Brooklyn Italian-American Group honors founder of Caruso Museum

April 15, 2013 By Nino Pantano Brooklyn Daily Eagle
lynne and eric murray with aldo and lisa mancusi, photo by judy pantano.JPG
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The Federation of Italian-American Organizations held its 36th annual fundraising gala at the El Caribe County Club on Sunday, April 7, and the dinner helped raise funds for the federation’s new Italian Cultural Center in Brooklyn.

One of the honorees was Cav. Uff. Aldo Mancusi, who has been the caretaker and founder of the Enrico Caruso Museum of America for 25 years. His home at 1942 East 19th St. in Brooklyn has been a shrine to the legendary Neapolitan tenor, and the world has literally beaten a path to his door.

Aldo Mancusi paid homage to his wife Lisa, their daughters Kim and Cindy, and then introduced his special guests, Eric Murray and his wife Lynne. Eric is the grandson of Enrico Caruso and the son of Caruso’s daughter Gloria.

The great tenor’s Brooklyn connections are strong. Enrico Caruso sang at the Brooklyn Academy of Music with the Metropolitan Opera at least 20 times, from BAM’s 1908 opening night (“Faust”) until Dec. 11, 1920, when he suffered a throat hemorrhage while performing in “Elisir D’amore.”

He also appeared at the Sheepshead Bay racetrack in August 1918, where he sang the “Star Spangled Banner” and George M. Cohan’s “Over There” for the Liberty Loan effort during World War I.  Caruso was made an honorary police captain by Police Commissioner Richard Enright and then introduced his young American bride, Dorothy Benjamin, to the audience.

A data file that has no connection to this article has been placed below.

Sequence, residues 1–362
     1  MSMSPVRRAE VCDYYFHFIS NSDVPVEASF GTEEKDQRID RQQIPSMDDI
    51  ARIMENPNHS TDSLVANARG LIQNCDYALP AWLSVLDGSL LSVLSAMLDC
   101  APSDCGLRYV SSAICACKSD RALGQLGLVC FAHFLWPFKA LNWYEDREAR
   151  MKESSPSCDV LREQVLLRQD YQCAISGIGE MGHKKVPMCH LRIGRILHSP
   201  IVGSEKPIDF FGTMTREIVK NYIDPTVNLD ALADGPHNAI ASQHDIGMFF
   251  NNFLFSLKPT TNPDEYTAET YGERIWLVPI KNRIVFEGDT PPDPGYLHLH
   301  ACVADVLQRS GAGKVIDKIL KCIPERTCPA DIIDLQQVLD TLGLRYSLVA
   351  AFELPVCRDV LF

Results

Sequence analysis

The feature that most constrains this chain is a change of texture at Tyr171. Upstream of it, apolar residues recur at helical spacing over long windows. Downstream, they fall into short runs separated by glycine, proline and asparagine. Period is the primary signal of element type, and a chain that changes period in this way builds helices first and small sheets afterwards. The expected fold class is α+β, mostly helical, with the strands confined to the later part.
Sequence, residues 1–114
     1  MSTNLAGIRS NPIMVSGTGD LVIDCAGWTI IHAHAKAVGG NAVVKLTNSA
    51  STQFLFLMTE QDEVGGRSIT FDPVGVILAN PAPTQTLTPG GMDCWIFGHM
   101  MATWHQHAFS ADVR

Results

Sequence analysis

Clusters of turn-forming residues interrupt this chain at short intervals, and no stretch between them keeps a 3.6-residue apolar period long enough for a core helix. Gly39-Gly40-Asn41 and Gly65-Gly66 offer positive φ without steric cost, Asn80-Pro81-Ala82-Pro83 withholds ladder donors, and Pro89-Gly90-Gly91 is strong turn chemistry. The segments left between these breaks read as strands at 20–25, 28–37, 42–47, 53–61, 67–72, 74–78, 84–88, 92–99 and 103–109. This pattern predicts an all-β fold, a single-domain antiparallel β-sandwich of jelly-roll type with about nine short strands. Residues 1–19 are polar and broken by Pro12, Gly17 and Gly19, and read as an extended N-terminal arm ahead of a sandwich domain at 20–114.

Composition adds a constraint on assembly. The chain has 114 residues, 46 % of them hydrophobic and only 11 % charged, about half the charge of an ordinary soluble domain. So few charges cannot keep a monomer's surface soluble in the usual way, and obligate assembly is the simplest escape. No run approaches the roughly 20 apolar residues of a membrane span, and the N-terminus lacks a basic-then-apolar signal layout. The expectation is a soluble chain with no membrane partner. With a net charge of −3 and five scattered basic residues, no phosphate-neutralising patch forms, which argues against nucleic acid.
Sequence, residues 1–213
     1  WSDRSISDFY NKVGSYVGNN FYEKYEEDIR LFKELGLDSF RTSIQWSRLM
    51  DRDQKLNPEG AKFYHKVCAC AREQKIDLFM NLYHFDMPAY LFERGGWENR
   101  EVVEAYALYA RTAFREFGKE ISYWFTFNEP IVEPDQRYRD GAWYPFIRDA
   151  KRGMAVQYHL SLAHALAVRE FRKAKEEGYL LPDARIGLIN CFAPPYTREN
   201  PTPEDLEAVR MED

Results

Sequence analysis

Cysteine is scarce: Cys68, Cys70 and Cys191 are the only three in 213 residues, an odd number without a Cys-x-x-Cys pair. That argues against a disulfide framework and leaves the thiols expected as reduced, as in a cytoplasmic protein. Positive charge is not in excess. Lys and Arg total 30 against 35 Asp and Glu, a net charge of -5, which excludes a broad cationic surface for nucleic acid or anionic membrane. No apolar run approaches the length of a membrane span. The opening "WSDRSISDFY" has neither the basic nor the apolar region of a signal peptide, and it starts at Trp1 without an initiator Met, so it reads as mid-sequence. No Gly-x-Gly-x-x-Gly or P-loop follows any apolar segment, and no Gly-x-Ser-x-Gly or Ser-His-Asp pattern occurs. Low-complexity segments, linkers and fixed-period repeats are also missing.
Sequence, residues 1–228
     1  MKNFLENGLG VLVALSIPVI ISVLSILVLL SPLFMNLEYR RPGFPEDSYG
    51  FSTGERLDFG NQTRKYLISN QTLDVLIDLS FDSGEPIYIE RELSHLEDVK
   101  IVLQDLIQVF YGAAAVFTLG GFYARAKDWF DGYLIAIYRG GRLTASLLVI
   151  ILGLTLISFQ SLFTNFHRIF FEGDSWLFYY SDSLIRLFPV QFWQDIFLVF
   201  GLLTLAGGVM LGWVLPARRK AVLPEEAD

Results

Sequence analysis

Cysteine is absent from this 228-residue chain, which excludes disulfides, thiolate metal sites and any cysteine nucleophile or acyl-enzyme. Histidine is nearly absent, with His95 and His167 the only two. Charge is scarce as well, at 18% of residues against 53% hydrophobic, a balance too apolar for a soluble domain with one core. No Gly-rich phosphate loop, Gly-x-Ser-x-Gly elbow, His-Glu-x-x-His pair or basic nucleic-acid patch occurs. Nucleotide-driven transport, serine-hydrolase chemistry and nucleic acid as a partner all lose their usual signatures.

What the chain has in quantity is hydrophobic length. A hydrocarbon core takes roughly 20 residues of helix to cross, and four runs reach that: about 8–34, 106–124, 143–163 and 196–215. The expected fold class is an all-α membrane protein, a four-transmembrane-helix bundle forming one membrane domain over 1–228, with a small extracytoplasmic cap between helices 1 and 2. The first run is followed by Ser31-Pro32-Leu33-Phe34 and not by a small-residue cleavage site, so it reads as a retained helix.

After Caruso recovered enough from his lengthy illness to travel, he sailed from America to Naples with his wife Dorothy and baby Gloria from Pier 7 in Brooklyn aboard the USS President Wilson on May 28, 1921. He vowed that he would return and “sing and sing and sing.” However, Caruso died on August 2, 1921 after a relapse, in his native Naples at the age of 48 of complications from a lung abscess.

Aldo’s father, Evaristo Mancusi, possessed many of Caruso’s Victor recordings, and Aldo’s mother Mary had a beautiful soprano voice. These were the sparks that started his idea for a museum honoring the great tenor. Aldo’s home became a museum, with old phonograph horns, musical instruments, costumes, films, a mini-theatre, letters, caricatures by Caruso and even his spoons, cane and shoes. Aldo Mancusi, truly is “the keeper of the flame.”

The other honorees and acclaimed Brooklynites included Dr. Calogero Gambino, who won the Distinguished Italian-American Award; Celeste Scarpaci-Hutra, who won the Community Service Award; and Enza and Rocco Coluccio, who both received the Humanitarian Award.

Borough President Marty Markowitz spoke with gusto about Italian-Americans, as did state Senator Marty Golden and Congressman Michael Grimm. City Comptroller John Liu, Councilmen Dominic Recchia and Councilman David Greenfield all spoke of the importance of  “Il Centro” the first Italian-American Cultural Community Center in New York, which will be located at 8711 18th Avenue off Benson Avenue.

My beloved grandfather Antonino opened up a shoe store practically on that spot back in the early 1920s, and years later bought a house on Benson Avenue, across the street from St. Finbar’s Church, with Grandma Rosalia.

We thank F.I.A.O. Board Chair Jack Spatola, President Frank Naccarato, Vice President Salvatore Fronterre, Vice President  Carlo Sissura, Treasurer Carlo Lauricella, Secretary Barbara Pascarella and all the membership at FIAO for this unforgettable event.

It was nice to share this occasion with Cav. Edward Jackson, Linda (Mrs. David) Mercaldo, Professor Lou Barrella and wife Cathy from the Caruso Museum board, Vito and Rosa Pietanza, and Lou Aidala and wife Mary Ann, all Brooklyn dynamos and cultural ambassadors.

If Enrico Caruso saw us from his throne in heaven, he would have surely enjoyed seeing his grandson Eric and lovely wife Lynne dancing up a storm with Aldo and Lisa Mancusi, including a joyous tarantella!

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